Mother Jones|September/October 2020
From lockdown to the uprising, “TrapLanta” was there, forcing viewers to look with new eyes on a world they thought they knew.
By Jamilah King

''TRAPLANTA'' IS A living portfolio of photographs taken by Willis, a mononymous, 36-year-old Navy reservist and art student who lives in Marietta, about 30 minutes north of Atlanta. He describes his work, which he posts on Instagram under the handle @_traplanta_, as “Southern vernacular, urban reportage, fine art journalism.” The images he captures a range from Day-Glo glimpses of strip clubs to resolutely matter-of-fact portraits of neighborhood drug corners, each photo accompanied by an archly oblique caption. Take the photo of the bottom half of a person fanning out more than 18 $100 bills on the ground. Only a pair of dark hands, legs, and bright white Air Force 1s are visible. The photo is juxtaposed with a bit of history, gleaned from Wikipedia: “James ‘Honest Dick’ Tate was a Kentucky State Treasurer, so-called due to his good reputation.” In reality, he had quietly misappropriated over $250,000 ($7 million in present value) from the treasury. In 1888, he fled the state with a sack of gold and silver coins and was never seen again.”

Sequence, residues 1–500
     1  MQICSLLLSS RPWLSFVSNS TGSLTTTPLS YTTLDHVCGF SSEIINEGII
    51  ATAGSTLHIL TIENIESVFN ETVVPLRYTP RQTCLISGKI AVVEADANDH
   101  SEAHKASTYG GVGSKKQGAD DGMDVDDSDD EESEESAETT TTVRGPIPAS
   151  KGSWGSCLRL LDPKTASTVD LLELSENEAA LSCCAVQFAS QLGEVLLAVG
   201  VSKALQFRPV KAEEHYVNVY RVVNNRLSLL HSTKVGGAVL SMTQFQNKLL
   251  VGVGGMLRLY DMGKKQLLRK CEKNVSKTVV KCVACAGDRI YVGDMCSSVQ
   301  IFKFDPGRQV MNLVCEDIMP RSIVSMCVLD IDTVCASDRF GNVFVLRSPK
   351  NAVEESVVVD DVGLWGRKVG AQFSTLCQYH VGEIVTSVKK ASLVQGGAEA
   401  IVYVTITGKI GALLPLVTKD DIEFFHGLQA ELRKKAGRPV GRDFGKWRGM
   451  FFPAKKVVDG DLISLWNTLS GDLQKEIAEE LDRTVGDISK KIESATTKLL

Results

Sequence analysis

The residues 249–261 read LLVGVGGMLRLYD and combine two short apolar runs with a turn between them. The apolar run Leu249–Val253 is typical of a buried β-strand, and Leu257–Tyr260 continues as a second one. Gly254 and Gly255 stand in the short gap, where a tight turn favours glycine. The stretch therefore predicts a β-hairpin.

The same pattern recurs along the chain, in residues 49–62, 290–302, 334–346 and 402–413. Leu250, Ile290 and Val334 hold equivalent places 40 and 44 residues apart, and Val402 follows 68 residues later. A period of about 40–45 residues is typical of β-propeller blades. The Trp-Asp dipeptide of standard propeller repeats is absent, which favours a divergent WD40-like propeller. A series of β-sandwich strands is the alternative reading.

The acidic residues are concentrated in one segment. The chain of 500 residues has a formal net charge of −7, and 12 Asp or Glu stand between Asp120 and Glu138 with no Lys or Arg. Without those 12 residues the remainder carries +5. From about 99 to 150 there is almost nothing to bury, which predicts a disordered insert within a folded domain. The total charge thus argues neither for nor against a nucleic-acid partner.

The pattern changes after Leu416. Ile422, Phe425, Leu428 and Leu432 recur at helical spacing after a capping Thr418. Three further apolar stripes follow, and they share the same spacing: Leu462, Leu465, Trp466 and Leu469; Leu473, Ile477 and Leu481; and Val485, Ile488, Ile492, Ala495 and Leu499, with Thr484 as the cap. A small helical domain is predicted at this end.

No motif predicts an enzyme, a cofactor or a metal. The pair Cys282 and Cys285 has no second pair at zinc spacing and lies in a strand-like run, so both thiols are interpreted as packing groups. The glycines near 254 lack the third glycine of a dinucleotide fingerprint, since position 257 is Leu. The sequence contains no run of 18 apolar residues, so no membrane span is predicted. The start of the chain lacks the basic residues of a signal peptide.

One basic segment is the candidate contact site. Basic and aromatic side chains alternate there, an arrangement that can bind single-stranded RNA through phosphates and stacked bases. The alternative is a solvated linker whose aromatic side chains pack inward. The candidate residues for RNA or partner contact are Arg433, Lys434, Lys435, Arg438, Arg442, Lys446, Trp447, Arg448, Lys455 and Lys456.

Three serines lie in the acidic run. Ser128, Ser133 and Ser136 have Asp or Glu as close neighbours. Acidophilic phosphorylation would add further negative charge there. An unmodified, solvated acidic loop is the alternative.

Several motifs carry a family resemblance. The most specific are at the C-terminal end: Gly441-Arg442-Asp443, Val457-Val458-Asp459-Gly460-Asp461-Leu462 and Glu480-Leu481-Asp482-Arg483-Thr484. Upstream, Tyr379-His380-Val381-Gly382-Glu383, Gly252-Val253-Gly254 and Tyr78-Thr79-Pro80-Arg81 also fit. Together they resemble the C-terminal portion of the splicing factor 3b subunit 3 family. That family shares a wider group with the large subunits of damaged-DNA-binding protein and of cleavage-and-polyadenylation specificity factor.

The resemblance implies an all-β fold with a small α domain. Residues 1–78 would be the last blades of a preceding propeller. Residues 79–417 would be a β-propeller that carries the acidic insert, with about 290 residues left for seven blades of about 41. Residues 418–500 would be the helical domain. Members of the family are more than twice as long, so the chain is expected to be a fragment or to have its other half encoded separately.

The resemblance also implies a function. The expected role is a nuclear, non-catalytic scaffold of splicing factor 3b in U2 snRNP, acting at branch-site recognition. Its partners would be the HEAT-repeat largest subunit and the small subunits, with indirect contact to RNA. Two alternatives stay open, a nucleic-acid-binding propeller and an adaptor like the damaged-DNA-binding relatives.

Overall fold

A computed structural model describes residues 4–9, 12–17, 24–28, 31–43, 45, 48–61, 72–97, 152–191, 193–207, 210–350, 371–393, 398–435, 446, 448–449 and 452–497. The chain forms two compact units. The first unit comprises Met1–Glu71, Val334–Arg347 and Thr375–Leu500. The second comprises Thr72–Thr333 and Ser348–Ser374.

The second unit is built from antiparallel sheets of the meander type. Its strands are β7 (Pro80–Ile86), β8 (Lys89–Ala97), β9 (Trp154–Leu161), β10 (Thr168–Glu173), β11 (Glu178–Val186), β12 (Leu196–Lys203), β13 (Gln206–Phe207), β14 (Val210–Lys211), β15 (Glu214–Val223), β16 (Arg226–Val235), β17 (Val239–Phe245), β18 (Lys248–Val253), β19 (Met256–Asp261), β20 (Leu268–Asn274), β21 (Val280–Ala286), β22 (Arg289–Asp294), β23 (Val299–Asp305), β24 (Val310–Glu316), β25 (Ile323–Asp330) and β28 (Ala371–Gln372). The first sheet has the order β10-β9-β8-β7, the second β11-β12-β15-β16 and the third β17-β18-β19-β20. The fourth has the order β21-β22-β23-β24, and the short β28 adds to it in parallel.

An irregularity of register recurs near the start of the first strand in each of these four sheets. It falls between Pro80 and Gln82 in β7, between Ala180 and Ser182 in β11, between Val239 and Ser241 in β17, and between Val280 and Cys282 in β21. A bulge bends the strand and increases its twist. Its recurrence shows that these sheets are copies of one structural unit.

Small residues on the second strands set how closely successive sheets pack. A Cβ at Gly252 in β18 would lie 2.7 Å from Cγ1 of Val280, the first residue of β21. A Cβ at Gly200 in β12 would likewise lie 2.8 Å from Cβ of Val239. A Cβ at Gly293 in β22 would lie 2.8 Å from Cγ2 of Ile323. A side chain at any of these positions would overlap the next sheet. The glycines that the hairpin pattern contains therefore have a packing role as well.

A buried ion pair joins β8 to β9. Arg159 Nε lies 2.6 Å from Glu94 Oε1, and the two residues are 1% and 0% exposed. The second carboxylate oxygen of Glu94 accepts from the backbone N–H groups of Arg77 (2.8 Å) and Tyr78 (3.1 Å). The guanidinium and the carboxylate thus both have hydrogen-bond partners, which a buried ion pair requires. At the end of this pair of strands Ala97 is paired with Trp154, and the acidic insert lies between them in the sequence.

The photos are addressed to two audiences at once, demanding that each scramble its subjectivities: Willis wants people in the hood to see their environment through fresh eyes, and he wants people who don’t live there to see it with the matter-of-factness of someone who does.

Shortly after the arrival of the coronavirus, Willis began documenting the pandemic’s effects on local dealers, who’d grown desperate amid the cratering of the drug trade because of shelter-in-place orders. Soon, too, he was taking photos of the uprising following the killing of George Floyd, which is how he wound up spending two days in jail for violating curfew.

Here is Willis in his own words, with some of his work from the lockdown through the uprising, a time when all of America’s subjectivities got scrambled. —Jamilah King


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September/October 2020